Despite the healthy hype, many of these are ultra-processed, containing processed fibres and proteins, invert sugars (sugars modified through an industrial process) and non-caloric sweeteners.
3. Plant-based ‘milks’
Many dairy alternatives contain emulsifiers, vegetable gums and flavours. Not all brands are ultra-processed so check the ingredients list. Some soy milks only contain water, soybeans, oil and salt.
Some packaged breads contain emulsifiers, modified starches (starches altered through industrial methods) and vegetable gums – they’re usually plastic-wrapped, sliced and cheaper breads. Fresh bakery breads, on the other hand, are rarely ultra-processed.
Flavoured yogurts often contain additives like thickeners, non-caloric sweeteners or flavours. Choose plain yogurts instead.
6. Meal bases and sauces
Pre-prepared pasta and stir-fry sauces typically contain ingredients such as thickeners, flavour enhancers and colours. But simple sauces you can make at home with ingredients like canned tomatoes, vegetables, garlic and herbs are minimally processed.
7. Processed meats
Packaged cold meats may have emulsifiers, modified starches, thickeners and added fibres – making them ultra-processed. Replace packaged processed meats with alternatives such as cold roast meats or chicken instead.
The way margarines and non-dairy spreads are made (by hydrogenating the vegetable oils) and the additives they contain, such as emulsifiers and colours, make them an ultra-processed food – unlike butter, which is essentially cream and some salt.
But are all ultra-processed foods bad?
Some types of ultra-processed foods may look healthier than others, having fewer industrial ingredients or being lower in sugar. But these are not necessarily less harmful to our health. We know Australians consume up to 42% of their energy from ultra-processed foods and the cumulative effect of industrial ingredients over the whole diet is unknown.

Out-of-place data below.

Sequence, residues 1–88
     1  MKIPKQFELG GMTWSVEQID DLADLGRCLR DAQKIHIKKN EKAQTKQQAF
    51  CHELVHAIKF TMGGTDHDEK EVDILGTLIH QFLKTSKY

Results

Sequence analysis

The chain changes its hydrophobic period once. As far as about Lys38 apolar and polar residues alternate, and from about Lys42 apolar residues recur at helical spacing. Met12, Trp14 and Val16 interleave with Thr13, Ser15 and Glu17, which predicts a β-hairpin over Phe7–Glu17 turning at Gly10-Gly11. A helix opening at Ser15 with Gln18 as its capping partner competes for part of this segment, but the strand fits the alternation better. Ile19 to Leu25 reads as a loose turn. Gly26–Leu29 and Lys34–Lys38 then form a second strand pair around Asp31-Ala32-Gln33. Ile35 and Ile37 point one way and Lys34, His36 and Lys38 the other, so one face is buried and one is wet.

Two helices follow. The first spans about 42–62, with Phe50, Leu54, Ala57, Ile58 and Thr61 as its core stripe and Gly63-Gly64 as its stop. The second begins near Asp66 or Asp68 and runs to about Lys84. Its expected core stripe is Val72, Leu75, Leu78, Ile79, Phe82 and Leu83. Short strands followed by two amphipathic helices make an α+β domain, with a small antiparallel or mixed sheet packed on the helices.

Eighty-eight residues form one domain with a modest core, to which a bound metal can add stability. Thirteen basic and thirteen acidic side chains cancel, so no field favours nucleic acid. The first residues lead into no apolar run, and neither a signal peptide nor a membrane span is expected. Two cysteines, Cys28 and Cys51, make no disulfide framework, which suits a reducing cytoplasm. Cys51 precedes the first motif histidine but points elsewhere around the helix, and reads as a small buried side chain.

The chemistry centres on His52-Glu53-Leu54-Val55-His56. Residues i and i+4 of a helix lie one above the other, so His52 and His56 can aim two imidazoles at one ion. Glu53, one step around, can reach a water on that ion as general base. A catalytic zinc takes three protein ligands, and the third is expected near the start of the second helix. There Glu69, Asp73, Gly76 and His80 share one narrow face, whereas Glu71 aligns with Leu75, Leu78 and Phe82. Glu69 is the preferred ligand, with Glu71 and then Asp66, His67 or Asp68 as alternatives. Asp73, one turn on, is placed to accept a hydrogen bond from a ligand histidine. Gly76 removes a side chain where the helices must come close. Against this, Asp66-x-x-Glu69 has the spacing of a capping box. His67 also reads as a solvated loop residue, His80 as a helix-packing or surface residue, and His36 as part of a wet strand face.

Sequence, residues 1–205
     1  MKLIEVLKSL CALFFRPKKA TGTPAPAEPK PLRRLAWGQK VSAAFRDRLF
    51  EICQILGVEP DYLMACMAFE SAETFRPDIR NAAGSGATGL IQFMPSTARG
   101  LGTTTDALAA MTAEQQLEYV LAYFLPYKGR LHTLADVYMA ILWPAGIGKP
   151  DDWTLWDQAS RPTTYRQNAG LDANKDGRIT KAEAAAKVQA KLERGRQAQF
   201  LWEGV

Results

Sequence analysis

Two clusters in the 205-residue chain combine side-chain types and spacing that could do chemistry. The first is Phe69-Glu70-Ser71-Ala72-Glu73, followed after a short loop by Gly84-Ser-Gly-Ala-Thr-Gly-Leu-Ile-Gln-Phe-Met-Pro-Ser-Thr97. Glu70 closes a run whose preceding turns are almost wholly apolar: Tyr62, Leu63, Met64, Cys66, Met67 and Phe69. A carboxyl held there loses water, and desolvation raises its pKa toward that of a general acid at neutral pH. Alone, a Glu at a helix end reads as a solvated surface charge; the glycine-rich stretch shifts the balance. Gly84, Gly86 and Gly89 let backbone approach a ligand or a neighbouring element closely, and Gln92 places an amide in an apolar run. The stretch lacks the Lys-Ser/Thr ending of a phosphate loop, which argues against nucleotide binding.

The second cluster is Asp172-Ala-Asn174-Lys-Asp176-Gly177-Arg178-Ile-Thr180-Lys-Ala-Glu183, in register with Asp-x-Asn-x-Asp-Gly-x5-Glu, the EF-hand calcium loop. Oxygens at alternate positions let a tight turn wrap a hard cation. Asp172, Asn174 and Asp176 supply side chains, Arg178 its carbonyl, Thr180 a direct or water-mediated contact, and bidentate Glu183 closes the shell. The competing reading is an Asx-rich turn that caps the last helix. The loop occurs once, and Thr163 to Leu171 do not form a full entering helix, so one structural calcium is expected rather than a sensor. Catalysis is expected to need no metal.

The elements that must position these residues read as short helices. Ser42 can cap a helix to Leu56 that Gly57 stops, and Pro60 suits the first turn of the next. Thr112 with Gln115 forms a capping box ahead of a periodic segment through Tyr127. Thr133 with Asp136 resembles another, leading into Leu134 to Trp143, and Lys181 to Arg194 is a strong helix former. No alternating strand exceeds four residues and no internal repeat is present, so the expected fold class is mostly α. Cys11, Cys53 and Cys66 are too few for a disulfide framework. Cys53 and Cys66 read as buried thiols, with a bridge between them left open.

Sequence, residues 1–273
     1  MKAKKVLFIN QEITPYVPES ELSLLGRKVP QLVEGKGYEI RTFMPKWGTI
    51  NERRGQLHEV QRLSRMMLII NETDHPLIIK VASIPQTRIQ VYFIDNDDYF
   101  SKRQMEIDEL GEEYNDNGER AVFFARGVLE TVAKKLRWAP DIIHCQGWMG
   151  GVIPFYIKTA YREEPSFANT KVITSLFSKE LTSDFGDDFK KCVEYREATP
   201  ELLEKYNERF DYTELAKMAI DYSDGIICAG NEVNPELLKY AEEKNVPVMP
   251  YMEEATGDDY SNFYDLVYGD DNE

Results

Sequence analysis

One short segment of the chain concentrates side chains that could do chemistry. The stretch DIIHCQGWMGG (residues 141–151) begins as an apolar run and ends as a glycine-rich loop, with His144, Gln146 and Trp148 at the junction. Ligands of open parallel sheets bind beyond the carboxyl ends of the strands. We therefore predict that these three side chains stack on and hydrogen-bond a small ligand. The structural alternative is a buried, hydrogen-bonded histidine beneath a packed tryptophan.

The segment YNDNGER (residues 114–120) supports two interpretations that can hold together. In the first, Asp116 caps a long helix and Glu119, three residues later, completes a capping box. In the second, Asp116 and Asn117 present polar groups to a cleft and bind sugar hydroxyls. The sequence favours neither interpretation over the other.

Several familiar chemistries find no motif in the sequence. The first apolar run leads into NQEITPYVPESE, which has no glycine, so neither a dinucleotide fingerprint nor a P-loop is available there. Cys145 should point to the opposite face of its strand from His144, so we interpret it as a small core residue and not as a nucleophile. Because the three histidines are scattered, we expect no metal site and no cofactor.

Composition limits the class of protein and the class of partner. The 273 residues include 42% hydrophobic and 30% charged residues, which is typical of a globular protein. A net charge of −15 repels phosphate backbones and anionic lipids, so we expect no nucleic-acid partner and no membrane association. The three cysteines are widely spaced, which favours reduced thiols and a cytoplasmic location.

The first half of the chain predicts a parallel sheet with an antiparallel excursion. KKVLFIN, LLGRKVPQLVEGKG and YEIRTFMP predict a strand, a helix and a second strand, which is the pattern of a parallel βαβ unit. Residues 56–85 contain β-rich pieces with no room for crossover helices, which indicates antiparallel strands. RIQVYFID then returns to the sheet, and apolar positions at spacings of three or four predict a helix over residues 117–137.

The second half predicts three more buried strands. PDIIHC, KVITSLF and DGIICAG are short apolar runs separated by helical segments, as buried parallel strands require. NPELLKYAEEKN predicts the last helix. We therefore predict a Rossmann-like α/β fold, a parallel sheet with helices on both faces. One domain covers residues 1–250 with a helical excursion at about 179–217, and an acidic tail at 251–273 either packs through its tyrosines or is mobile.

Also, when you consume an ultra-processed food, you may be displacing a nutritious fresh food or dish from your diet. So, reducing ultra-processed foods as much as possible is a way to move to a healthier and more sustainable diet. Though not exhaustive, there are online databases that rate specific products to guide food choices.
Supermarkets are dominated by ultra-processed foods, so it can be difficult to avoid them entirely. And sometimes choices are limited by availability, allergies or dietary intolerance. We can all make positive changes to our diet by choosing less processed foods. But governments can also legislate to make minimally processed foods more available and affordable, while discouraging the purchase and consumption of ultra-processed foods.
Sarah Dickie, PhD Candidate in Public Health Nutrition, Deakin University; Julie Woods, Honorary Associate Professor of Public Health Nutrition, Deakin University; Mark Lawrence, Professor of Public Health Nutrition, Institute for Physical Activity and Nutrition, Deakin University, and Priscila Machado, Research Fellow, Institute for Physical Activity and Nutrition, Deakin University
This article is republished from The Conversation under a Creative Commons license. Read the original article.